is the Euclidean distance between the two bodies. It will be assumed that m1
is constant and that m2varies with respect the time. Taking into consideration
this mass variation, Eqs. (1a) and (1b) are written as
?
(x2− x1)2+ (y2− y1)2+ (z2− z1)2
m1d2r1
dt2= −Gm1m2
|r1− r2|3(r1− r2) (2)
and
m2d2r2
dt2= −Gm1m2
|r2− r1|3(r2− r1) − ˙ m2dr2
dt
,(3)
where it has been defined ˙ m2as ˙ m2= dm2/dt. Now, let us consider the usual
relative, r, and center of mass, R, coordinates defined as
r = r2− r1,and
R =m1r1+ m2r2
m1+ m2
. (4)
Let us then differentiate twice these coordinates with respect the time, taking
into consideration the equations (2) and (3). Thus, the following equations
are obtained
¨ r = −(m1+ m2)G
r3
and
r −
˙ m2
m2
˙ r2
(5)
¨R =
− ˙ m2
m1+ m2
˙ r2+
2m2˙ m2
(m1+ m2)2˙ r +(m1+ m2)m1¨ m2− 2m1˙ m2
2
(m1+ m2)3
r .(6)
One sees that the relative motion does not decouple from the center of mass
motion. So, these new coordinates are not really useful to deal with mass
variation systems. In fact, using (4) , one has
r2= R +
m1
m1+ m2
r ,and
˙ r2=˙R +
m1
m1+ m2˙ r −
m1˙ m2
(m1+ m2)2r .(7)
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Substituting these expressions in (5) and (6), one can see more clearly this
coupling,
¨ r =
?m1+ m2)G
r3
+
m1˙ m2
2
m2(m1+ m2)2
?
r −
˙ m2
m2
?
˙R +
m1
m1+ m2˙ r
?
(8)
and
¨R =
− ˙ m2
m1+ m2R +
m1˙ m2
(m1+ m2)2˙ r +(m1+ m2)m1¨ m2− m1˙ m2
2
(m1+ m2)3
r . (9)
However, one can consider the case for m1≫ m2(which is the case star-comet),
and consider to put our reference system just on the first body (r1=?0). In
this case, Eq. (3) becomes
m2d2r
dt2= −Gm1m2
r3
r − ˙ m2˙ r , (10)
where r = r2= (x,y,z). Using spherical coordinates (r,θ,ϕ),
x = rsinθcosϕ , y = r sinθsinϕ , z = r cosθ ,(11)
Eq. (10) can be written as
m2d2r
dt2= −
?Gm1m2
r2
+ ˙ m2˙ r
?
? r + ˙ m2
?
r˙θ?θ + r ˙ ϕsinθ ? ϕ
?
,(12)
where ? r,?θ and ? ϕ are unitary directional vectors,
? r = (sinθcosϕ,sinθsinϕ,cosθ) ,
?θ = (cosθcosϕ,cosθsinϕ,−sinθ) ,
and
with
˙? r =˙θ?θ + ˙ ϕsinθ ? ϕ ,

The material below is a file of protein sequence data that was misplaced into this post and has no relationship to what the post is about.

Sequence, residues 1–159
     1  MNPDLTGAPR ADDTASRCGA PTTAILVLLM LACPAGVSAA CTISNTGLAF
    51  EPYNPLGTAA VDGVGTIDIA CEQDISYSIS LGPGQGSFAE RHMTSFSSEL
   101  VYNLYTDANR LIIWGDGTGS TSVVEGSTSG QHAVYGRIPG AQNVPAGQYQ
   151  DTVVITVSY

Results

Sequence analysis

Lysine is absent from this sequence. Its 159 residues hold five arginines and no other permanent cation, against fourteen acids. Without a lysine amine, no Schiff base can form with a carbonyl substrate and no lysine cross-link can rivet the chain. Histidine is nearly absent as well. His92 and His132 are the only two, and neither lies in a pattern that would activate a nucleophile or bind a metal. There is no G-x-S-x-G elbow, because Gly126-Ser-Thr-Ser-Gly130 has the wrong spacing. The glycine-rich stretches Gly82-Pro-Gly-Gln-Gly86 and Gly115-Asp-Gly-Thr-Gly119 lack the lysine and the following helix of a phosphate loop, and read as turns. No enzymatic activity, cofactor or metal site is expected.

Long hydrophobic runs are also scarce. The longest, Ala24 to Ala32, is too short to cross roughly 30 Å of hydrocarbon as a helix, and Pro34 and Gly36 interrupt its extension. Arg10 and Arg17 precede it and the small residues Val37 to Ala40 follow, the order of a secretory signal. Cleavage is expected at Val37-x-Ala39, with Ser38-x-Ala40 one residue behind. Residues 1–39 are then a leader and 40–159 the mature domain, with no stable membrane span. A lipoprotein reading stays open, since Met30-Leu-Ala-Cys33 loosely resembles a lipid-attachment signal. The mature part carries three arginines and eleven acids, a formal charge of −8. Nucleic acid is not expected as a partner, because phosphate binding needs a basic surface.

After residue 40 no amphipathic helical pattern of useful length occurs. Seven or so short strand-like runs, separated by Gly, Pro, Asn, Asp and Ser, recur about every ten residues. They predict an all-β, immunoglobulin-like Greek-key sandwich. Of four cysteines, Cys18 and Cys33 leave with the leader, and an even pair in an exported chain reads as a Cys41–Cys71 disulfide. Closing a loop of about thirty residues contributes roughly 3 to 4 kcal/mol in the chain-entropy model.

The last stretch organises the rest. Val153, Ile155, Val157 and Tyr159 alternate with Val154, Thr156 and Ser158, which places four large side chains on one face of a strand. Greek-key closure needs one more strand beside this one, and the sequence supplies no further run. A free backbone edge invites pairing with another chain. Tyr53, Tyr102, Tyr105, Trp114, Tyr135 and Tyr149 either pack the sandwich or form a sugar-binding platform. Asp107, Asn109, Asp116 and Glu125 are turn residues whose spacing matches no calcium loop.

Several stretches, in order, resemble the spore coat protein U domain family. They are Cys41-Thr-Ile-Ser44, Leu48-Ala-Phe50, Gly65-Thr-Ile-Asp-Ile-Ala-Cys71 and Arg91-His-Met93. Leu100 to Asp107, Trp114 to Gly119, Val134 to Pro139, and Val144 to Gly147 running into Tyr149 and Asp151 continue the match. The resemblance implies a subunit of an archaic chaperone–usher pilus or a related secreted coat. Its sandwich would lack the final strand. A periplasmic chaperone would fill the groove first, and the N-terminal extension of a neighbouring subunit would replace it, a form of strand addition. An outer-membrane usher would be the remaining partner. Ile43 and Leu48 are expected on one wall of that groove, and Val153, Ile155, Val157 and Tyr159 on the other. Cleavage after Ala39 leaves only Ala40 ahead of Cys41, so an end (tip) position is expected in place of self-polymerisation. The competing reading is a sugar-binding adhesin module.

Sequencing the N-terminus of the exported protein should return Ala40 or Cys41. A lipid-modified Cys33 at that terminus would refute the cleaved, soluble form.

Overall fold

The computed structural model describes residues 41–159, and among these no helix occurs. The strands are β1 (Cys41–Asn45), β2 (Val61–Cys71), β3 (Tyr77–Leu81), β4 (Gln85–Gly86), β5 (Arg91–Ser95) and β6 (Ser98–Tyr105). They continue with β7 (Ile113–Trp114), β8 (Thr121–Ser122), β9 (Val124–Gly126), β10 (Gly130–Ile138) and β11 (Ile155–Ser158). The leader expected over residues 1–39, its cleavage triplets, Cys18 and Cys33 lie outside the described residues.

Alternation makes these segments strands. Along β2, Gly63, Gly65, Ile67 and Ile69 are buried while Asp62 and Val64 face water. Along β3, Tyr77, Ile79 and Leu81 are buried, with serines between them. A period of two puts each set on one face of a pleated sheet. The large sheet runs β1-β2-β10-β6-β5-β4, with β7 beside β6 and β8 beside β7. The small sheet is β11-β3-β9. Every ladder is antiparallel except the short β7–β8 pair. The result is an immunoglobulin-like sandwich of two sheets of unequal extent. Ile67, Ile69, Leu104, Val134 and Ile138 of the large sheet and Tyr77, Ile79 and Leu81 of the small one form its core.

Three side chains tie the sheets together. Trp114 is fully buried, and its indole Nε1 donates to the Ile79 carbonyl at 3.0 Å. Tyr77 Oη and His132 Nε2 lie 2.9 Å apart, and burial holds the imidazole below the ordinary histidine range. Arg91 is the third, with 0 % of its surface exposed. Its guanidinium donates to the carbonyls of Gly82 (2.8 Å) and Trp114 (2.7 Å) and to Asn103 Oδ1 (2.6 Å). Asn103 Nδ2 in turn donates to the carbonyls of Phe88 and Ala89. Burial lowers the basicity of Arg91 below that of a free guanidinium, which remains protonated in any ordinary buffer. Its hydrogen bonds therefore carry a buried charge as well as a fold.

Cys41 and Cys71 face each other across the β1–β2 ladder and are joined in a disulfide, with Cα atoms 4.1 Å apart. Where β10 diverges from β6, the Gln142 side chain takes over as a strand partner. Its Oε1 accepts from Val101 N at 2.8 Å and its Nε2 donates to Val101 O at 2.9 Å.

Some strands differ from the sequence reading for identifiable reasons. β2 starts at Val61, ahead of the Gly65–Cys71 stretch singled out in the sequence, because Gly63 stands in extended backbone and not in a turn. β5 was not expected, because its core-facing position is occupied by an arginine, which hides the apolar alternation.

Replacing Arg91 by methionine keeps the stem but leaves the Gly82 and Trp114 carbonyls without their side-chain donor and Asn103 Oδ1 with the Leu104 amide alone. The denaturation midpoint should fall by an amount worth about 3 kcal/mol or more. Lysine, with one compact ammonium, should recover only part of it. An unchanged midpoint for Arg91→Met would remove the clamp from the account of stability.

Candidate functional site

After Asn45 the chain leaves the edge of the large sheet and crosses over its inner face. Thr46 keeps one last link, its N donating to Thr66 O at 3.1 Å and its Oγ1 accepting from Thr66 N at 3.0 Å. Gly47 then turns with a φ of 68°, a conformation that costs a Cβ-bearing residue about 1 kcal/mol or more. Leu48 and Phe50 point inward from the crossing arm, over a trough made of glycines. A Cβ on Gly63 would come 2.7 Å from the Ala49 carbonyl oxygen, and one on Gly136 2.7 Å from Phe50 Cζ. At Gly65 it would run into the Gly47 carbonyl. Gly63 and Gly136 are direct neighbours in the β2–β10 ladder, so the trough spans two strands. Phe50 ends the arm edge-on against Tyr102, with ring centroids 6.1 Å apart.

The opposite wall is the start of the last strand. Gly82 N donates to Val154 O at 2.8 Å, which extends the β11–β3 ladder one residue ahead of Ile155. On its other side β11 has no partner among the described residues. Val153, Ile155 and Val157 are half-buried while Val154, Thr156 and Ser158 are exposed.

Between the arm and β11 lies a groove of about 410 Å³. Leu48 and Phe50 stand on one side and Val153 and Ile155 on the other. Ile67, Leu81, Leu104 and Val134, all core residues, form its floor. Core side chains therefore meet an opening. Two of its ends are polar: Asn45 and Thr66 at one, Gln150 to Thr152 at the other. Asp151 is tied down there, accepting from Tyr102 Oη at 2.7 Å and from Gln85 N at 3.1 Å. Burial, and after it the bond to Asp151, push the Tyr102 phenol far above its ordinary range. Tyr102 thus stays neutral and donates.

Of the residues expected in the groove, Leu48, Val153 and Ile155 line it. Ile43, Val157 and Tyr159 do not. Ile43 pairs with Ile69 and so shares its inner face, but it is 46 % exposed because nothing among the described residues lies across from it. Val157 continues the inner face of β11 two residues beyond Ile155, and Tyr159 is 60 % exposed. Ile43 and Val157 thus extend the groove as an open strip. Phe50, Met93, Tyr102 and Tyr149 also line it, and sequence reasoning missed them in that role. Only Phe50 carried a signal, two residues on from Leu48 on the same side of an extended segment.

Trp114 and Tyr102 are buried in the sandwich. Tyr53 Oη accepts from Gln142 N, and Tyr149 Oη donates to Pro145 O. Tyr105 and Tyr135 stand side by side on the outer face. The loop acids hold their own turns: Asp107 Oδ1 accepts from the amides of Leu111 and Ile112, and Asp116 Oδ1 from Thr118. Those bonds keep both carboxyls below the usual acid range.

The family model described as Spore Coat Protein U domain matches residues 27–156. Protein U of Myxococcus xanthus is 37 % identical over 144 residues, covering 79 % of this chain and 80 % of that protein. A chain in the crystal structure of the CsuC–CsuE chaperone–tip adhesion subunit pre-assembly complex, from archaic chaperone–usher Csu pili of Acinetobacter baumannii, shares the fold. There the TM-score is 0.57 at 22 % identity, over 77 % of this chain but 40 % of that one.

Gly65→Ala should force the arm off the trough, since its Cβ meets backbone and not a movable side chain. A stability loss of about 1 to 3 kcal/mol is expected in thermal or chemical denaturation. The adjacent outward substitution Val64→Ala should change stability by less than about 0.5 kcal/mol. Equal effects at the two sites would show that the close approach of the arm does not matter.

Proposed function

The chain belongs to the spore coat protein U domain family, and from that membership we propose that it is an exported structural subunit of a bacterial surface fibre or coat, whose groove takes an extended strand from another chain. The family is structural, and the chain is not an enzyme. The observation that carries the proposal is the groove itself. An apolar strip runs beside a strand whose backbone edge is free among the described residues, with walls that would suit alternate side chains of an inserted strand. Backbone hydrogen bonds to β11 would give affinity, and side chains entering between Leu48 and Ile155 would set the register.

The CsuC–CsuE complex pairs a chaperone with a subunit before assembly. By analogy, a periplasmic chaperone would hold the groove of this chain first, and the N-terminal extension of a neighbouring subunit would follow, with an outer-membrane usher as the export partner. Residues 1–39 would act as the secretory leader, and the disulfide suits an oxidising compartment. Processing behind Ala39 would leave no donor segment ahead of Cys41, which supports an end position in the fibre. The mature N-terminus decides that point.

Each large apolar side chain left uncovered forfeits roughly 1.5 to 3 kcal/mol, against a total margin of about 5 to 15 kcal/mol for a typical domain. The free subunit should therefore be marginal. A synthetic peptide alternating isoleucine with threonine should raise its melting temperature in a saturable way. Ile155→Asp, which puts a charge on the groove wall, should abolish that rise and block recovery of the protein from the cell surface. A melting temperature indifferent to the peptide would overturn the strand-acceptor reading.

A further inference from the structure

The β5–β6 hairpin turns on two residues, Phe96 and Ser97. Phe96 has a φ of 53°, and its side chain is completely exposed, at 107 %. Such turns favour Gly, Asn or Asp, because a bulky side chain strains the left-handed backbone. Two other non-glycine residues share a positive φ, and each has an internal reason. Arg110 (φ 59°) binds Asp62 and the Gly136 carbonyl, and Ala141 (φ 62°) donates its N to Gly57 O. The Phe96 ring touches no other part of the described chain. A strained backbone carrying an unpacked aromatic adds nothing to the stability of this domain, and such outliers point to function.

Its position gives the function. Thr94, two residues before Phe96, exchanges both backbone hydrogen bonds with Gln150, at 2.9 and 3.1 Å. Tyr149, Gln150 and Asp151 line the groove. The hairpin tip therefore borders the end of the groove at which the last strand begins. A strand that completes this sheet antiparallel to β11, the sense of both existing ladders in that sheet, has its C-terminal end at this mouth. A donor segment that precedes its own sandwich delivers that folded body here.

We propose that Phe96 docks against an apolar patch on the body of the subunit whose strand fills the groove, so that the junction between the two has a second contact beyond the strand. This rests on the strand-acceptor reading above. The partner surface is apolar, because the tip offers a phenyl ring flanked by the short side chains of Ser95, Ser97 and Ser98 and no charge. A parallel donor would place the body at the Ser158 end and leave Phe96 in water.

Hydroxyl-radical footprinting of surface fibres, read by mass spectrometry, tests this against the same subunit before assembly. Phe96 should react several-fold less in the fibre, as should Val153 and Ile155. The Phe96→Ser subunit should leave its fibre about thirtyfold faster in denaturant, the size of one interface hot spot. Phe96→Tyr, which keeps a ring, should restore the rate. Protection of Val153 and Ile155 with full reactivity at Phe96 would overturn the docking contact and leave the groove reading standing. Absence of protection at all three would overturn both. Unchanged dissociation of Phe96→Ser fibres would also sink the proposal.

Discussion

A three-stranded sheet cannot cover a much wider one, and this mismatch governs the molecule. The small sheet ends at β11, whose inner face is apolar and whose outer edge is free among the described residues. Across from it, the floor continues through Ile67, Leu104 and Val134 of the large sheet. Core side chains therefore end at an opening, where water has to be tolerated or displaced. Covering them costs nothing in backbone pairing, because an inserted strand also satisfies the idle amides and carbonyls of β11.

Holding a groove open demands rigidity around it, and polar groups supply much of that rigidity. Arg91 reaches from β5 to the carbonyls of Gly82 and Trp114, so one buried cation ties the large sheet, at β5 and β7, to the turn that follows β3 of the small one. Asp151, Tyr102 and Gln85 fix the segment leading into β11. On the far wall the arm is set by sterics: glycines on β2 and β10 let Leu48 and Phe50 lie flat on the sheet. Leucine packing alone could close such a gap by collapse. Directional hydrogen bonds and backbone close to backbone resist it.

˙?θ = −˙θ ? r + ˙ ϕcosθ ? ϕ
˙? ϕ = sinθ ? r + cosθ?θ .
(13a)
with
(13b)
? ϕ = (−sinθ,cosθ,0) ,
Since one has that r = r? r, it follows that
+(2˙ r ˙ ϕsinθ + r¨ ϕsinθ + 2 ˙ ϕ˙θcosθ)? ϕ ,
and Eq. (12) is discomposed in the following three equations
m2(¨ r − r˙θ2+ r ˙ ϕsin2ϕ) = −Gm1m2
m2(2˙ r˙θ + r¨θ + r ˙ ϕsinθcosθ) = ˙ m2r˙θ ,
with(13c)
¨ r = (¨ r − r˙θ2+ r ˙ ϕsin2ϕ)? r + (2˙ r˙θ + r¨θ + r ˙ ϕsinθcosθ)?θ
(14)
r2
− ˙ m2˙ r ,(15a)
(15b)
and
m2(2˙ r ˙ ϕsinθ + r¨ ϕsinθ + 2 ˙ ϕ˙θcosθ) = ˙ m2r ˙ ϕsinθ .(15c)
Thus, one has obtained coupling among these coordinates due to the term ˙ m2.
Nevertheless, one can restrict oneself to consider the case ˙ m2r ≈ 0. For this
case, it follows that ˙ ϕ = 0, and the resulting equations are
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m2(¨ r − r˙θ2) = −Gm1m2
r2
− ˙ m2˙ r , (16a)
and
m2(2˙ r˙θ + r¨θ) = 0 . (16b)
Let mobe the mass of the second body when this one is very far away from
the first body (when a comet is very far away from the sun, the mass of the
comet remains constant). Since m2?= 0 on (16b), the expression inside the
parenthesis must be zero. In addition, one can multiply this expression by
mor to get the following constant of motion
Pθ= mor2˙θ .(17)
Using this constant of motion in (16a), one obtains the equation
d2r
dt2= −Gm1
r2
+
P2
m2
θ
or3−
˙ m2
m2
?dr
dt
?
. (18)
This equation represents a dissipative system for ˙ m2> 0 and anti-dissipative
system for ˙ m2< 0. Suppose now that m2is a function of the distance between
the first and second body, m2= m2(r). Therefore, it follows that
dm2
dt
=dm2
dr
dr
dt,
(19)
and Eq. (18) can be written as
d2r
dt2= −Gm1
r2
+
P2
m2
θ
or3−m′
2
m2
?dr
dt
?2
,(20)
where m′
dynamical system [12]
2= dm2/dr. This equation can be seen as the following autonomous
dr
dt= v ,
dv
dt= −Gm1
r2
+
P2
m2
θ
or3−m′
2
m2v2.(21)